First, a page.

Danse Macabre Orchestre symphonique de Montréal & Kent Nagano
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- Paul Dukas (1865 - 1935): The Sorcerer’s Apprentice:
- 1L'Apprenti Sorcier10:40
- Antonín Dvorák (1841 - 1904):
- 2The Noonday Witch, Op.108, B.19614:55
- Modest Petrovich Mussorgsky (1839 - 1881):
- 3A Night On The Bare Mountain11:51
- Mily Alexeyevich Balakirev (1837 - 1910):
- Camille Saint-Saëns (1835 - 1921):
- 5Danse Macabre, Op.40, R.17107:23
- Charles Ives (1874 - 1954):
Info for Danse Macabre
Kent Nagano and the Orchestre symphonique de Montréal are happy to be continuing its collaboration with Decca by releasing Danse macabre, an album that constitutes the second project in the OSM’s new partnership with the prestigious record company.
Danse macabre follows on the heels of L’Aiglon, the lyrical drama by Honegger and Ibert that the OSM and Kent Nagano recorded as a world premiere and that has received numerous honors since its release in March 2016, including an ECHO Klassik award.
A new recording conducted by Kent Nagano, Danse macabre will win over both newcomers and seasoned music lovers. All six works presented on the CD are linked by a common theme: Halloween. And although they were not all composed specifically on the occasion of that holiday, the works exploit elements characteristic of it, including death, witches, skeletons and demons.
“The late 19th and early 20th centuries witnessed great advances in technology, and a simultaneous rise in concern for matters of secular spiritualism – a trend we may observe in our current technological age,” points out the OSM’s music director, Kent Nagano. “This cyclical enthusiasm for the supernatural and the occult tends to pervade popular consciousness and artistic production no matter how advanced and rational the society. As such it is a theme that transcends nationality, culture and time. The great variety of works in this recording, from the swirling magic of Dukas’s Sorcerer’s Apprentice to the uniquely American humor of Ives’s Hallowe’en, represents the OSM’s effort to offer a unique window onto a compelling historical period in classical music, but also a point of commonality connecting to the world we inhabit today.”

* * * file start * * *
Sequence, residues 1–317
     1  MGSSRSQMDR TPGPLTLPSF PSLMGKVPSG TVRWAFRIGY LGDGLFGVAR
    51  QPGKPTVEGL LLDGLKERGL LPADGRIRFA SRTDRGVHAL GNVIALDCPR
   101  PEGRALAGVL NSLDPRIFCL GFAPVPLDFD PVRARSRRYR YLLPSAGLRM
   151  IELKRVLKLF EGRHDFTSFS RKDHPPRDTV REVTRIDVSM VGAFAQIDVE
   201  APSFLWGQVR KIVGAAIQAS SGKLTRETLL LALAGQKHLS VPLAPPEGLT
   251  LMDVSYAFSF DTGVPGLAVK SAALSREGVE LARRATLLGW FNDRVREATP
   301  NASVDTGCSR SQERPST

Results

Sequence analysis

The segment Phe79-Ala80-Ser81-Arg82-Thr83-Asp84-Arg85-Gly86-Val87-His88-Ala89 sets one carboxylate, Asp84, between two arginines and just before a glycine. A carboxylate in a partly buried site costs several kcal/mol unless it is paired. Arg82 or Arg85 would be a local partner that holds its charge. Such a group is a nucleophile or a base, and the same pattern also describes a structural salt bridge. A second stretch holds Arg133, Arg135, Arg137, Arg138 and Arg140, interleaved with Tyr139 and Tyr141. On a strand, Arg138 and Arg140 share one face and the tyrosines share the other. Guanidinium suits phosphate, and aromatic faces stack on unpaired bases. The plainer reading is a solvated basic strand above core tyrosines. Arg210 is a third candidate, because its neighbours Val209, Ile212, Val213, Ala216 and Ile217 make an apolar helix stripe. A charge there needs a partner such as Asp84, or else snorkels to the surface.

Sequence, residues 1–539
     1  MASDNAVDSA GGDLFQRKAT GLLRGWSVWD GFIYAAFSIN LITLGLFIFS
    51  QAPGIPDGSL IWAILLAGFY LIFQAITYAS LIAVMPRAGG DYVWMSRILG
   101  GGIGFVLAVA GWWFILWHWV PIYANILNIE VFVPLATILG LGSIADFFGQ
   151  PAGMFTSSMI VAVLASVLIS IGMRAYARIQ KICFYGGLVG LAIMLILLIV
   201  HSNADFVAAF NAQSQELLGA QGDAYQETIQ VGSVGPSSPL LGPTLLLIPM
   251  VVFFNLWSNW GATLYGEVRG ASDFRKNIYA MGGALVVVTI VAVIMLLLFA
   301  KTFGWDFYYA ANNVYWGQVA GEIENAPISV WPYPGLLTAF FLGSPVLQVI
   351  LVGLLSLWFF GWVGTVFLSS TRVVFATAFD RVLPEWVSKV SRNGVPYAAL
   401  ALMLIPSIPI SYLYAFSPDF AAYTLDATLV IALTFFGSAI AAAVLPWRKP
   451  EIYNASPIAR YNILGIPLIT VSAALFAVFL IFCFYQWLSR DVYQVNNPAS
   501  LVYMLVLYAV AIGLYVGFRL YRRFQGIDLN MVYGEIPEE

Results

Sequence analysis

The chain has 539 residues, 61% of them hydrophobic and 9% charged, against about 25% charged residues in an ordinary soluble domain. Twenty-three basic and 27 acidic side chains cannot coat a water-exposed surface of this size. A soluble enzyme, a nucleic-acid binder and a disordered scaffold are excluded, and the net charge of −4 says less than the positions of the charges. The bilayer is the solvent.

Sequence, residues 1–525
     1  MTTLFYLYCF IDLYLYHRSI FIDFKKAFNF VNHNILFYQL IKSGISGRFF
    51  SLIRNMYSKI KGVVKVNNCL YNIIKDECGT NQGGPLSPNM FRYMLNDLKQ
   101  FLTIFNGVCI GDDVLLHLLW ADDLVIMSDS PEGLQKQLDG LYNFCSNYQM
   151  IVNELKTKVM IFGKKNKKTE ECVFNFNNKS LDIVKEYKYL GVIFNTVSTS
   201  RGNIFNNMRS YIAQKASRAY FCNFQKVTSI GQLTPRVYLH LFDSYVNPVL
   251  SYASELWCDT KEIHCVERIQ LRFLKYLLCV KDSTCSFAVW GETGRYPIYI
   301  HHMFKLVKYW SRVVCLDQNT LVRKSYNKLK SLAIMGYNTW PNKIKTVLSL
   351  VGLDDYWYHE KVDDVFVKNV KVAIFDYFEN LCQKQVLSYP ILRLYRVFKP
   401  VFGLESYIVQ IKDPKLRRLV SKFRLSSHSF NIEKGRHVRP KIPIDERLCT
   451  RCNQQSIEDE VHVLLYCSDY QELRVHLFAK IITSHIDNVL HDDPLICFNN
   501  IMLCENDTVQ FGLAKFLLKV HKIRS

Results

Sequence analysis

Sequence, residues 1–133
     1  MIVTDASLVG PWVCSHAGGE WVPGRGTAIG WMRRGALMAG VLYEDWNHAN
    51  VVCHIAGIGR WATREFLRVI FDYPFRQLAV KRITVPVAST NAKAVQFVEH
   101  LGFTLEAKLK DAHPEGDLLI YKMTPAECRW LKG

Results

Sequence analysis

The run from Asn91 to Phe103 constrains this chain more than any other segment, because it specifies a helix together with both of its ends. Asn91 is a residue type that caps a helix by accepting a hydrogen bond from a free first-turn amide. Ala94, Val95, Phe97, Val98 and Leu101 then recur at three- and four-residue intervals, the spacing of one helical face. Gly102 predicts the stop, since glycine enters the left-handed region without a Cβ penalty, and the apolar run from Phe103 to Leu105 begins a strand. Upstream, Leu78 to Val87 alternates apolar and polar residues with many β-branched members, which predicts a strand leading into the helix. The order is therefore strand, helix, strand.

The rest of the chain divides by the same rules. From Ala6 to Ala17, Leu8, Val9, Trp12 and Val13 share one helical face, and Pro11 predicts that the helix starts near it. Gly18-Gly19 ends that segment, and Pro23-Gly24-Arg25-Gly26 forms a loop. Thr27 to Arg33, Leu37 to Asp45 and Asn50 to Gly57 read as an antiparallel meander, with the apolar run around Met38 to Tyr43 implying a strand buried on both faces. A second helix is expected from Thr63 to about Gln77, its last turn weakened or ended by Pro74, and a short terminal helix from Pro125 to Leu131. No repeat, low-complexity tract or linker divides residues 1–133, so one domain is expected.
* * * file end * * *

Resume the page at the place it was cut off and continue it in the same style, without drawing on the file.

The album was recorded in the course of three concerts presented on 29 and 30 October 2015 at Maison symphonique de Montréal. The Orchestre symphonique de Montréal and Kent Nagano perform works by Dukas, Dvořák, Mussorgsky, Balakirev, Saint-Saëns and Ives.
„. . . [Dukas / "L'Apprenti sorcier"]: Maestro Nagano gives us a smooth, atmospheric rendering of the work . . . the Montreal forces are in fine form, sounding luxuriously rich and exuberant . . . [Saint-Saens / "Danse macabre"]: under Nagano it's probably the most effectively frightening track in the album. It can be scary stuff.“ (John J. Puccio, Classical Candor)
„Nagano's performances are ultra smooth . . . the playing is refined and of virtuoso caliber.“ (Rad Bennett, Radsreviews.com)
Andrew Wan, violin
Alexander Read, violin
Orchestre Symphonique de Montréal
Kent Nagano, conductor
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